Foreign patients travelling to India to seek medical treatment in 2012, 2013 and 2014 numbered 171,021, 236,898, and 184,298 respectively. According to a CII-Grant Thornton report released in October 2015, Bangladeshis and Afghans accounted for 34% of foreign patients, the maximum share, primarily due to their close proximity with India and poor healthcare infrastructure. Russia and the Commonwealth of Independent States (CIS) accounted for 30% share of foreign medical tourist arrivals. Other major sources of patients include Africa and the Middle East, particularly the Persian Gulf countries in 2015, India became the top destination for African & Russians seeking medical treatment. Delhi NCR, Chennai, Kolkata, Mumbai, Bangalore and Hyderabad received the highest number of foreign patients.
Popular medical travel worldwide destinations include: India, Turkey, Thailand Mexico, Costa Rica, Ecuador, Israel, Jordan, Malaysia, Singapore, South Korea, and Taiwan. Some people travel for assisted pregnancy, such as in-vitro fertilization, or surrogacy or freezing embryos for retro-production.
However, perceptions of medical tourism are not always positive. In places like the US, which has high standards of quality, medical tourism is viewed as risky. In some parts of the world, wider political issues can influence where medical tourists will choose to seek out health care.
Health tourism providers like “India MediTourism – one of the leading Medical Management Company offering most of it services free of cost” have developed as intermediaries who unite potential medical tourists with provider hospitals and other organizations. Companies that focus on medical value travel typically provide nurse case managers to assist patients with pre- and post-travel medical issues. They may also help provide resources for follow-up care upon the patient's return.
The typical process is as follows: the person seeking medical treatment abroad contacts India MediTourism. The India MediTourism usually requires the patient to provide a medical report, including the nature of ailment, local doctor’s opinion, medical history, and diagnosis, and may request additional information, such as x-rays or diagnostic testing results. Certified physicians or consultants may advise on the medical treatment or recommend an initial consultation with a specialist. The approximate cost of treatment, the choice of doctor and hospital, expected duration of stay, and logistical information, such as accommodation, ground transportation, and flights are discussed as well. A patient may be asked to pay an upfront deposit for treatment. For those destinations which require a visa, the patient will be given recommendation letters for a medical visa for the relevant embassy. The patient travels to the destination country, where India MediTourism assigns a Healthcare Patient Advocate, who takes care of on the ground experience, including translation, accommodation, and arranging aftercare. In the cases where patients self-pay for medical treatment, a final treatment bill will be presented upon completion of treatment. If the patient underwent surgery, there may be additional post-operative checks to discharge the patient and deem him or her "fit for flight" for the return home trip.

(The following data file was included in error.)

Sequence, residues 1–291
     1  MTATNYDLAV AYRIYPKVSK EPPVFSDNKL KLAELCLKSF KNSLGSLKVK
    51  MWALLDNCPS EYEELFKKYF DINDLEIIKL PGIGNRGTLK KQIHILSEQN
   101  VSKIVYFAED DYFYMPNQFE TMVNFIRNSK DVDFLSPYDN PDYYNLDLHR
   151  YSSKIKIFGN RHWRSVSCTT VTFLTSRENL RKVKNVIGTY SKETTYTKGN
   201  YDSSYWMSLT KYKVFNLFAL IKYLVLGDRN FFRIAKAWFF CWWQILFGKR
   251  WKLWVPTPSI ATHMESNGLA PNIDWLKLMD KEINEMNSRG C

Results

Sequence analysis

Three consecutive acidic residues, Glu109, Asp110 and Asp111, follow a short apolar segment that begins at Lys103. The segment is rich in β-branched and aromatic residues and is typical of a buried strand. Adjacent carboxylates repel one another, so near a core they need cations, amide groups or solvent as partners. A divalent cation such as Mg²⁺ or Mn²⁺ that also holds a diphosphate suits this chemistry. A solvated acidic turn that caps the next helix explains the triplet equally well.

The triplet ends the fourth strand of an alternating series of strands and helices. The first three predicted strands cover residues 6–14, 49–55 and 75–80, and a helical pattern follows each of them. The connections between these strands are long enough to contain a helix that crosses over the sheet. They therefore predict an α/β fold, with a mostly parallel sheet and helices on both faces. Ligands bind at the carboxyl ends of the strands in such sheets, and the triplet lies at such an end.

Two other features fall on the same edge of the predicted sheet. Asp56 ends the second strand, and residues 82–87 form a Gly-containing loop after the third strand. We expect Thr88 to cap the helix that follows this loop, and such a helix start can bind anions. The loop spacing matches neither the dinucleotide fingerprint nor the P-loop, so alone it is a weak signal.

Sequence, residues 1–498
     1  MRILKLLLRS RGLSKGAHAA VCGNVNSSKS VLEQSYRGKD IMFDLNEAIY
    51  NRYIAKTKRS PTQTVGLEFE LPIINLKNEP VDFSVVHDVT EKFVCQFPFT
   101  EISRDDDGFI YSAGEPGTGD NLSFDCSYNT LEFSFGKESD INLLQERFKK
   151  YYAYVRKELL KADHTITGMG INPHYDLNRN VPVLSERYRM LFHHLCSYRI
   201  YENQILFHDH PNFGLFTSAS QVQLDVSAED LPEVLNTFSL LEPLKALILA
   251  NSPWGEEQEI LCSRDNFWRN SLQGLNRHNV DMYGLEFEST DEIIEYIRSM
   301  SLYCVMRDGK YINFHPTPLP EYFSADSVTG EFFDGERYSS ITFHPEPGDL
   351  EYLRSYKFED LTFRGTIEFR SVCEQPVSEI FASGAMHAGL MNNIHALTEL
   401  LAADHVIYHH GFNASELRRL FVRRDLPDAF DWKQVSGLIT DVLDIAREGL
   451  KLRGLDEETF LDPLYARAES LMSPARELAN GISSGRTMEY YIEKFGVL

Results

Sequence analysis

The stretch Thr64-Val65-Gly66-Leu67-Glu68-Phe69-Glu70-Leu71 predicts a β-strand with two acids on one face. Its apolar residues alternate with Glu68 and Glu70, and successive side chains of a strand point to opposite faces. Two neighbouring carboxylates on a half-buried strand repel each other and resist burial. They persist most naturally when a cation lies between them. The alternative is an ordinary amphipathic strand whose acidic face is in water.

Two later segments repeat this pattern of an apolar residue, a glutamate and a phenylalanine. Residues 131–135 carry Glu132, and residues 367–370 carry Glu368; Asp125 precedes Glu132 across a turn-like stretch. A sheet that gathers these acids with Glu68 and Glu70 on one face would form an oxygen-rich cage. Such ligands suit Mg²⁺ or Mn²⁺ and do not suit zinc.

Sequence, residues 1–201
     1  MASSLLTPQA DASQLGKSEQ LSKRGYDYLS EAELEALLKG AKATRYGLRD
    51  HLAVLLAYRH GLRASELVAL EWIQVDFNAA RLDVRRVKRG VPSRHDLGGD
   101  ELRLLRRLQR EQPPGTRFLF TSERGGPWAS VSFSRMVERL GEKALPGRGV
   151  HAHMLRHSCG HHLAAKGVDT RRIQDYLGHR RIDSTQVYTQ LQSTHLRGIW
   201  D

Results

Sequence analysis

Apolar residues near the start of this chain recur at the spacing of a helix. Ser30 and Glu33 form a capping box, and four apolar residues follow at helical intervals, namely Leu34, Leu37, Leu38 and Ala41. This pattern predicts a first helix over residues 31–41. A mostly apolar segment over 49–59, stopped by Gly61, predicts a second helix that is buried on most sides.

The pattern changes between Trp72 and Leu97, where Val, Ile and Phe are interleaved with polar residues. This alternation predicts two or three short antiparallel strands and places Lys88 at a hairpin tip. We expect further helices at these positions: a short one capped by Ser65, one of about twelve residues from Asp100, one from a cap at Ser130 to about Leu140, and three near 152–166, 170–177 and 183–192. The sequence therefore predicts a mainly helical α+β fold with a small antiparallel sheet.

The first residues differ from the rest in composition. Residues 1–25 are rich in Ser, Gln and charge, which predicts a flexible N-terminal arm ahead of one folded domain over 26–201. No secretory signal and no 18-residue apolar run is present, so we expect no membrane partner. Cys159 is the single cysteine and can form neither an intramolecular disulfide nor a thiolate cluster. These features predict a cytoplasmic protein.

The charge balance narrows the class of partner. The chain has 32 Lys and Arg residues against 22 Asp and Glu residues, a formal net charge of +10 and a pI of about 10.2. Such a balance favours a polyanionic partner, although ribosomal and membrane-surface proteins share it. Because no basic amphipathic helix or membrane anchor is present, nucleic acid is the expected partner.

International healthcare accreditation:
International healthcare accreditation is the process of certifying a level of quality for healthcare providers and programs across multiple countries. International healthcare accreditation organizations certify a wide range of healthcare programs such as hospitals, primary care centers, medical transport, and ambulatory care services. India MediTourism’s most of the networked hospitals are either JCI Accredited or NABH/NABL certified or both.